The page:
Sarah Nicastro: Yeah, I think the timing point, I really like, because I often say you can't just stay with the status quo. Right. But I think that sometimes there's an interpretation of status quo as average. Right. And in this case, the status quo was really good. Right, and the status quo was going very well. So to your point, it becomes even more difficult to decide to disrupt that status quo because it's working well. Right. But if you recognize this opportunity for it to work even better, to your point, you need to move when the time is right, to realize the full value from doing that. So I think that's a really important point. So as you've been on this journey of the last few years with the new customer success function and your role with customer experience, there's a number of trends that have surfaced that you've realized and are working around.

Sarah Nicastro: The first is, we had a discussion and it relates to the introduction of customer success because it's basically the idea of customers wanting outcomes, they don't necessarily want a product or a service, they want peace of mind, they want business partners, solution providers. So, tell us a little bit more about what you've seen as it relates to customers, demanding outcomes.

Sae Kwon: Yeah. We've seen a trend where we... I think probably about up to about 10 years ago, we were talking mainly to IT departments and selling to them. So we were mainly doing technology selling faster, easier to use, easier to operate technology selling. But the trend we saw since that is the business owners, so that business function is not the IT departments, business functions and business owners were looking for solutions, whether to adopt within the organization or to adopt the technology solution that could help them to differentiate against their competitors. Right.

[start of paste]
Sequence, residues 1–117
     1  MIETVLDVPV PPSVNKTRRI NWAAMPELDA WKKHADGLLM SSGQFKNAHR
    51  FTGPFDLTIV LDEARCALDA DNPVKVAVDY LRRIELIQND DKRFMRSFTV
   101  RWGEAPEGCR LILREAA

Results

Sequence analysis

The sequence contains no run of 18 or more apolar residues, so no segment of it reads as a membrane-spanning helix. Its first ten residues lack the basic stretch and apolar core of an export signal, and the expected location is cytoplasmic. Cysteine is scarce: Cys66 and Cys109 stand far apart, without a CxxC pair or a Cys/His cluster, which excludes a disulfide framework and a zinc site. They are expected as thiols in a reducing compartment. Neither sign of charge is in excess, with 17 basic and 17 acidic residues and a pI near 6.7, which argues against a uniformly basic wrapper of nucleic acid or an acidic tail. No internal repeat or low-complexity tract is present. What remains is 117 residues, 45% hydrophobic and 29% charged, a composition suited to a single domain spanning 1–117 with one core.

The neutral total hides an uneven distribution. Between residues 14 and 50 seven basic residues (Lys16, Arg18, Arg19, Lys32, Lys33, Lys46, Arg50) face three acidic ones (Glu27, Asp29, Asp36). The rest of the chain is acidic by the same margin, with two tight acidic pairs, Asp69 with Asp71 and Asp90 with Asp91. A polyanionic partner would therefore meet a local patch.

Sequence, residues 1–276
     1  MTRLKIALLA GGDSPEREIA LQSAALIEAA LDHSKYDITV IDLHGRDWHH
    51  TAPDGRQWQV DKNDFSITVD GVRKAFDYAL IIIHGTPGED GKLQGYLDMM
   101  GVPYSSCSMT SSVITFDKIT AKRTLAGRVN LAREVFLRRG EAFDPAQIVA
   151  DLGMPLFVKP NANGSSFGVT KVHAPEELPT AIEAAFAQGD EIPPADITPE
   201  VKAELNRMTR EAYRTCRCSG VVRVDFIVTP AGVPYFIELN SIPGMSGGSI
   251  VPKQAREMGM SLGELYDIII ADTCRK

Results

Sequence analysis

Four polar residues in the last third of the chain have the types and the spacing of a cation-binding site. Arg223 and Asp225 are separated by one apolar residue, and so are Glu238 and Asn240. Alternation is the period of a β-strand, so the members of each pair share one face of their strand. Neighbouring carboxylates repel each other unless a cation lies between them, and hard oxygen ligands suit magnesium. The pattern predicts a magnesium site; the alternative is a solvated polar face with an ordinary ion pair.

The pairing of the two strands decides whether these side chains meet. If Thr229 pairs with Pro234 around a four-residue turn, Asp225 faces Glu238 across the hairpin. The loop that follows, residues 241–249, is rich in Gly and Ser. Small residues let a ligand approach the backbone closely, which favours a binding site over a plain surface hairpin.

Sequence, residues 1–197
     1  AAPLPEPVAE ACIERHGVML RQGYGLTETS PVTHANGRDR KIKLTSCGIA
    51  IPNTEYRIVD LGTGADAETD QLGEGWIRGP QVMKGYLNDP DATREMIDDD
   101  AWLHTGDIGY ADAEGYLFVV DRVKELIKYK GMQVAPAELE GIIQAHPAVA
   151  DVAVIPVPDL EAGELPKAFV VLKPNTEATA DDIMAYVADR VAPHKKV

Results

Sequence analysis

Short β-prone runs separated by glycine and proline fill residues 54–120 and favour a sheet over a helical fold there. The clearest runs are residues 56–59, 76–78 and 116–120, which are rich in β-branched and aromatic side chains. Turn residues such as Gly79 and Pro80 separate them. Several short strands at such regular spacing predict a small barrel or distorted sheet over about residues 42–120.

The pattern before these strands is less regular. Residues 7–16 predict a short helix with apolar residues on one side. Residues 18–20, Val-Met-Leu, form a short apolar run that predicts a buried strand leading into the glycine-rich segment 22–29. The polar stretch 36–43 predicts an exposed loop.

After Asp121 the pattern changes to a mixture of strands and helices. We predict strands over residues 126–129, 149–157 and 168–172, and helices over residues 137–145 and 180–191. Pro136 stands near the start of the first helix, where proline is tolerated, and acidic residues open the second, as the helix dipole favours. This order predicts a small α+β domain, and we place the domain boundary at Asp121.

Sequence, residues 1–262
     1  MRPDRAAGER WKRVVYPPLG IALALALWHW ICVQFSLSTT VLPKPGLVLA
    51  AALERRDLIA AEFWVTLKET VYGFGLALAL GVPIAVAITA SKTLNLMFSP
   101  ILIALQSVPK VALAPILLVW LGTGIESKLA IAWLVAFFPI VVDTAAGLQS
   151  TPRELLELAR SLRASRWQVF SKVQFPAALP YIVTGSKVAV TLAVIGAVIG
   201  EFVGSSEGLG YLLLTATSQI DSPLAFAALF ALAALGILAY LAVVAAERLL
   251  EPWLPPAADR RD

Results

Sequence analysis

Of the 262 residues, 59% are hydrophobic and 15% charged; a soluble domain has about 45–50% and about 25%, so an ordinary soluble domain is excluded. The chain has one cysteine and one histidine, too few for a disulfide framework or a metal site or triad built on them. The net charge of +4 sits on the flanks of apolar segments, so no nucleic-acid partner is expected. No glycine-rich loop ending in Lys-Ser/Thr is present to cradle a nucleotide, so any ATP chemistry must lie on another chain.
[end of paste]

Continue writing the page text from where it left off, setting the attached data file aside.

Sae Kwon: So, banking is a great example. I think banking has gone through, during the last decade, they've gone through a huge transformation, right? Where in the past they used to have branches with people everywhere, a lot of the banks have many less branches now, and it's a lot of online banking and they enhancing that all the time, right? Even the branches have become very digitized, usually when you walk into the branches. So you can see that sort of transformation, so we're now starting to talk to people that are not necessarily IT people they're business people.